June In The Organic Garden, S. Florida

Embracing Our Interdependence With Nature

June In The Organic Garden, S. Florida

It is June now and everything in my S. Florida organic garden is changing with our weather. The rainy season has commenced, and that means high temps and high humidity. Rain brings some wind and cooler temperatures and if the sun doesn’t come out again it will stay comfortable outdoors. If the sun comes out it will be a sauna. This is high breeding time for the mosquitos and we are walking prey.

In the garden pole beans are doing real well. The collard greens are still producing leaves and I planted basil in the ground nearby. Green peppers are in high gear production and I am still getting eggplant harvests. The oldest large tomato plants are finished and their remains have been removed from the garden. In the straw mulch that was beneath the tomato plants the pill bugs and sow bugs are as thick as ants in an ant hill. That makes me think the soil is in great condition, and so I may plant the sweet potato slips I am making in that bed, and mulch again. Tomatoes and sweet potatoes are not in the same family. It should work out just fine.

I have black eye peas I put in a month ago. They are giving me lots of peas now. They are covered with aphids, ants, lady bugs and lady bug larva. The plants seem to be oblivious of the ongoing war on their leaf tips. Behind the black eye peas a volunteer cherry tomato plant leaned out of its bed and found my compost leaf fence. It is a huge sprawling plant and the tomatoes it makes are the sweetest berries I ever had. I am enjoying the fruit very much, but I have hard feelings about it feeding off of next season’s compost. I find it interesting to watch what is going on with this huge and healthy tomato plant. When I reach in to harvest I reach past spiders and their webs, I also see many predatory stink bugs and wasps cruising around in there although I don’t see any pests or the damage they might be causing.

Nearby Okra in red and green are coming up out of the ground and a few beds over peanuts are coming up.

In the garden box with the pole beans are bitter gourd plants. They are climbing on the pole beans to reach the fence, and two sweet banana pepper plants are still making peppers. I recently learned that pepper plants are perenials, so I may try leaving them in the ground even when the rest of the bed is fallow and covered over. Late lettuce I put there is actually making palatable lettuce. I wasn’t expecting that to work out. Lettuce is really out of season now. I think it is just shady enough there. A volunteer tomato plant in that bed is sporting some plum tomatoes in green. I can afford to wait and see if those will make it. Nearby a couple of late season tomato plants are also holding large green tomatoes. If the plants begin to fail I will make pickled green tomatoes.

In the next bed over all crops have finished and that bed has been manured and covered over for the fallow season. The fourth bed in that yard, a mound finished out with bush beans after a great potato harvest is covered over with rabbit cage cleanings and manure with straw on top.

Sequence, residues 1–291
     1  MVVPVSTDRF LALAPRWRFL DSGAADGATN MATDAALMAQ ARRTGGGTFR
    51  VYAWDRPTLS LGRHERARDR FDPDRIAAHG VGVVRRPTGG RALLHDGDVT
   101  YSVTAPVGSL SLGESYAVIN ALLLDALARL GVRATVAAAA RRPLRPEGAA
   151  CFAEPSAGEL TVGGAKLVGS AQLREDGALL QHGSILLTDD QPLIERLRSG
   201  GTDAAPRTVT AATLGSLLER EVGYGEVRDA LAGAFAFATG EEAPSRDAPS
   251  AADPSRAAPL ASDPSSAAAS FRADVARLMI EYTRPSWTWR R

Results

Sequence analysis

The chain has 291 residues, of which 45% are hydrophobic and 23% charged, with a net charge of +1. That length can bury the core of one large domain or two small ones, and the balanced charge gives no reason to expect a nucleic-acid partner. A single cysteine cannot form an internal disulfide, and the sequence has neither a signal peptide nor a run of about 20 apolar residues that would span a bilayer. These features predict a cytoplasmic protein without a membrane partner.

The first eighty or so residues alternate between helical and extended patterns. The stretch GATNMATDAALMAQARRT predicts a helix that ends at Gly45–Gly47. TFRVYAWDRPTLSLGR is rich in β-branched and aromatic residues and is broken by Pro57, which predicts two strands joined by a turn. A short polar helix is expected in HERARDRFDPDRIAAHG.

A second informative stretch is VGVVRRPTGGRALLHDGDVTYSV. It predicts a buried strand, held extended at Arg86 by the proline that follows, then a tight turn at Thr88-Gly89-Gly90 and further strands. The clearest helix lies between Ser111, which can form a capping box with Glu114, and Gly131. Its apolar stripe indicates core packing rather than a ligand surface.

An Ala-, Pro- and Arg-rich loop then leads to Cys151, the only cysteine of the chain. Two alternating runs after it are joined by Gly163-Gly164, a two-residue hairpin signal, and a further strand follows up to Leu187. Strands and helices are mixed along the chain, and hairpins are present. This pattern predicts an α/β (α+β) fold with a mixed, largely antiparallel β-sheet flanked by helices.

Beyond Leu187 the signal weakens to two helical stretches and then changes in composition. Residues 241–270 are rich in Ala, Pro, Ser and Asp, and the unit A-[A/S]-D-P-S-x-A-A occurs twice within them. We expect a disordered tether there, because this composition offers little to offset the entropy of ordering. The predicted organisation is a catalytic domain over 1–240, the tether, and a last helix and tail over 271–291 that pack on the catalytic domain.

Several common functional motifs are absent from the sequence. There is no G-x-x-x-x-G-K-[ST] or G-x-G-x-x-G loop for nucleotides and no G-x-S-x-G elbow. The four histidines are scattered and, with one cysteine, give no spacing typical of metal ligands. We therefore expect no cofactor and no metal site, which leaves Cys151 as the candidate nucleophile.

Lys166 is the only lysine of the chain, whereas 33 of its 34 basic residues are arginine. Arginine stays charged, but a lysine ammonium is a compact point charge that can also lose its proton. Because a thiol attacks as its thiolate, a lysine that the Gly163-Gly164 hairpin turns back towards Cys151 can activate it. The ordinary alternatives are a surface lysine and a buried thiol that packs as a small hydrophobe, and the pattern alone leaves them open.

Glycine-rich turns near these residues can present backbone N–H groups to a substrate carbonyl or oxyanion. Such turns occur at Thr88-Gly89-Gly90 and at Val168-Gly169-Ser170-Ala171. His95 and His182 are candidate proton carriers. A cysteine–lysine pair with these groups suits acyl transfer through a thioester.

I have more beds to cover over I am using the Direct to Garden Compost method for the gardens I am covering over now. I won’t plant crops in them again until the fall comes.

On a fence line my blue Passion Fruit vine I planted last summer has begun to drop its fruit. They are delicious. Pineapples are taking on some size now that the rain has started. They will be ready soon. Pidgeon pea plants are coming up, and my young avocado tree is loaded with new leaves. The mango trees are loaded with fruit and I am getting ready for huge harvests. I hope to dehydrate as much as my machine will handle and freeze the rest. Every day or so my husband and I eat a ripe black berry from our new plants. They are young plants and I am growing them in pots up off of the ground for ease of harvesting.

Blueberries in the ground beneath an old pine tree are still surviving. They have good leaves and make a few berries. They are very new and although I hope they make it I don’t have a lot of faith in their ability to survive here. They will be a year old in my garden later this summer.

Two of my compost bins have compost in the curing stages now. When I get a chance I will combine them and start a new compost in the empty bin. Down at the shed in an opening I created three cow manure compost piles and an on the ground lasagna garden bed that will sit fallow until fall.

I was expecting the winter garden vegetables to be done now, but many that were recently planted are still feeding us including a volunteer mustard green plant we ate from last night.

This is a great time to be planning next season’s gardens, and making lots of compost, but this is also a time when you can eat many tropical fruits and summer vegetables from your organic garden.
Happy Gardening

One Response

  1. I can’t get over how mother nature sets up the seasons so we can have a different variety of fruit and veges for each season. I’m looking forward to mangos. Yum…But I like the fall veges the best.
    I’ll be a real expert by reading your posts.

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